“Let’s go thru it one more time,” he said. I’m sitting across the table from Bram Cohen, the creator of the BitTorrent protocol. In front of him lays a printout with a dozen lines of Python code.
“Well, I’m not sure what this code does anymore,” I replied. I was nervous. I did not expect to be asked to reverse engineer an algorithm on the spot like that. Specially not as a first interview question for an engineering management position and in a language I knew nothing about. In fact, I did not know what to expect at all when I stepped foot in that San Francisco office.

The setup was a bit messed up from the get to. The wife of the recruiter was having a baby. He called me from the hospital to arrange the meeting. Quite understandably, the call was brief. That did not leave me with much of an opportunity to get the proper background. Who was I gonna be meeting with? For how long? What would we cover? All I had was an address and time.

It was February 2007 and BitTorrent, Inc. — the company behind the ongoing development of the BitTorrent peer-to-peer protocol — was about to launch a major consumer initiative to legally distribute media content to the masses. It turned out to be a failed attempt to legitimize a brand that to this day is still synonymous with content piracy.

They were looking for a VP of Engineering to lead and organize their development, hence my presence there.

“So, what do you do here?”, I asked Bram.
“I run the show,” he said.

I should have prepared better. I was not very interested in that position in the first place. I liked the space and technology but I couldn’t see a clear business model. It was no excuse for being careless.

A simple Google search would have alerted me to Bram’s self diagnosed Aspergers syndrome. That would have put in context the social awkwardness that I felt during our interaction.

I would have been spared the embarrassment of asking, “So, what do you do here?”. “I run the show,” he said.

I would have realized that a couple of system administrators I knew were working there, before I bumped into them in the hallway. That kind of personal connection is key to gain a better perspective on a company.

After stumbling thru the algorithm question I was introduced to the director of development. As the company was on the verge of a major launch, our time was cut rather short (and perhaps my less than stellar performance on the code quiz was a factor too). I got the impression that he was overworked and somewhat overwhelmed. No doubt they needed the help.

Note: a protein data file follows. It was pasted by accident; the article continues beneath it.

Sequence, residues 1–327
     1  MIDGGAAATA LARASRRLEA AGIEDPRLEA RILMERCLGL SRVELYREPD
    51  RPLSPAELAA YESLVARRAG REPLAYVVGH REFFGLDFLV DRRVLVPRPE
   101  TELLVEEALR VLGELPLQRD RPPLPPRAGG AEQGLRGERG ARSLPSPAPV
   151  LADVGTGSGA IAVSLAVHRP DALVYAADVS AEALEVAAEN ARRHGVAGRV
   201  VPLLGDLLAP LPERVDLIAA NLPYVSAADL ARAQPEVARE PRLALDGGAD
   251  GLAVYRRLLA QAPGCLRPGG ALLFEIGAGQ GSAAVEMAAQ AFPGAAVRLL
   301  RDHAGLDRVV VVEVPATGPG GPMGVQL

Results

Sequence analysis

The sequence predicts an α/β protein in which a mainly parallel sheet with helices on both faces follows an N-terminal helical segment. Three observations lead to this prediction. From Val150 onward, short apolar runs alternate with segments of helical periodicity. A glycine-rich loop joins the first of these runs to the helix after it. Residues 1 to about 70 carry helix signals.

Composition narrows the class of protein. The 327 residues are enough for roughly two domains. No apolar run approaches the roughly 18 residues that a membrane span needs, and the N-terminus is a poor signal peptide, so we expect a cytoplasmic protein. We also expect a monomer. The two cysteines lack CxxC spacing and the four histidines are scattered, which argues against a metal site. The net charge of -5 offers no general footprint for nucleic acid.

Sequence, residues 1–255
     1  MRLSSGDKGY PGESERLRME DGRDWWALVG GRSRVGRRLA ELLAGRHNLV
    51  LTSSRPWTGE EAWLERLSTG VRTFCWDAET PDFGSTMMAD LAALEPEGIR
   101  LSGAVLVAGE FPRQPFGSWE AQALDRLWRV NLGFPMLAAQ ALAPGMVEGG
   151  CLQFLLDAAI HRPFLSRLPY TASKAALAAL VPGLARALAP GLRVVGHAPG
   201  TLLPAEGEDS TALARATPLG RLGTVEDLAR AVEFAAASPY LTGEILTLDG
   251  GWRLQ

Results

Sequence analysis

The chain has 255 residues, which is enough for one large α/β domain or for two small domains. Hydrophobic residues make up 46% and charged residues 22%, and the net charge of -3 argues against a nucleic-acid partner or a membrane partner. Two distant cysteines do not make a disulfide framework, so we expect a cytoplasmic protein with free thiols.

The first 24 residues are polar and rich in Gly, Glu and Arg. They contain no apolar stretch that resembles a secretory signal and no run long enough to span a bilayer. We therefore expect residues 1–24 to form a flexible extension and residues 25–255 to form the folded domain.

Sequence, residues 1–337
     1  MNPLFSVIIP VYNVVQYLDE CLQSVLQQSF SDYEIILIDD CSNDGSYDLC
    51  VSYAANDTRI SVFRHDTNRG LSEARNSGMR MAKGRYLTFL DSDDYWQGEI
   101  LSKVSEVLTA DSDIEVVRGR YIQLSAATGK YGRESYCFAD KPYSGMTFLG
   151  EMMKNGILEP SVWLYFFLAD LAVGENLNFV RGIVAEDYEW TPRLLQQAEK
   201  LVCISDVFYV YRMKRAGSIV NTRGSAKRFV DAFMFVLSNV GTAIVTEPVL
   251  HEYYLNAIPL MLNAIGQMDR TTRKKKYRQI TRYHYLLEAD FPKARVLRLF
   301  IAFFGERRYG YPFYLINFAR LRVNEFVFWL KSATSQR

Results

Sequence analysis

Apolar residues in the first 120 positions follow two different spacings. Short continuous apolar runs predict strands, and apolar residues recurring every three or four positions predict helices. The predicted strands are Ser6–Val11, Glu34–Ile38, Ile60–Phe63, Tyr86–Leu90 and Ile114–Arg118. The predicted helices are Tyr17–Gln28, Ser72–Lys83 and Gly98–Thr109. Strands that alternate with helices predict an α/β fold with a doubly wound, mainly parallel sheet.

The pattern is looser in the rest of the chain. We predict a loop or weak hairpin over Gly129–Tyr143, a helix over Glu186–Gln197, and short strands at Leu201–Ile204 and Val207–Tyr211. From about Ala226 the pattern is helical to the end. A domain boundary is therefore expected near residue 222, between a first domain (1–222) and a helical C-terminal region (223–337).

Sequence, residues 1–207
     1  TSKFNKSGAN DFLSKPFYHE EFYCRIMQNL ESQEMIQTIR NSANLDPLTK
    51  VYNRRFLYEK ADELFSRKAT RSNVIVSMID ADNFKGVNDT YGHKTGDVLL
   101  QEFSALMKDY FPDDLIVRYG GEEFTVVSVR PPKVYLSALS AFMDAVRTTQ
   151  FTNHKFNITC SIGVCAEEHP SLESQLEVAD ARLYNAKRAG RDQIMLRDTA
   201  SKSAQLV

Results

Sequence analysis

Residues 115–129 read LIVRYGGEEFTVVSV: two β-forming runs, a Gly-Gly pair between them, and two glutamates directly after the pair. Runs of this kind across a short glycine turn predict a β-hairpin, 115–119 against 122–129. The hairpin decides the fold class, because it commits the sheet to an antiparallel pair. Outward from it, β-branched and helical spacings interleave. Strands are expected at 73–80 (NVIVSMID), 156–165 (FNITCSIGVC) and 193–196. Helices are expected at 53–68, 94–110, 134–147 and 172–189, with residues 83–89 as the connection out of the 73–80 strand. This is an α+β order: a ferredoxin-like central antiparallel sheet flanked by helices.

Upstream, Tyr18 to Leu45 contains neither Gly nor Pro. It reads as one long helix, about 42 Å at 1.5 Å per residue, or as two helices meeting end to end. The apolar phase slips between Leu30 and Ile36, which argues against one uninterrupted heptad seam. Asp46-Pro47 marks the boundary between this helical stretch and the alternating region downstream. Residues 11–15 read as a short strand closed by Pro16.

This is not going well, I remember thinking.

Later on, I was handed off to Brian, the then general manager. After the uncomfortable start and the feeling of being rushed, meeting him was a relief.

Brian took the time to explain the business, product vision and articulated some of the challenges the organization encountered. He asked thoughtful questions and we connected.

I left feeling that the ordeal had not been a complete waste of time. I had met someone I’d enjoy seeing again in the Valley.

Coincidentally few years later and without my knowing, Brian interviewed for a position at the startup I had joined in the meantime. He came onboard and I was happy we became colleagues after-all.

When I reflect back, here’s what I take away from this experience:

  • If you’re a candidate, do your homework before the interview. Ask about the interview setup, who you’re going to meet with, what’s their role and what will be expected of you. Research the company, the team and the product. Come prepared even if you’re just looking around.
  • If you’re a recruiter at a company, take care of your applicants. Walk them through the process. Tell them who they’re meeting with, how they will be evaluated, etc.
  • If you’re an interviewer, treat the candidates the way you’d like to be treated. You never know when you’ll find them on the other side of the hiring table.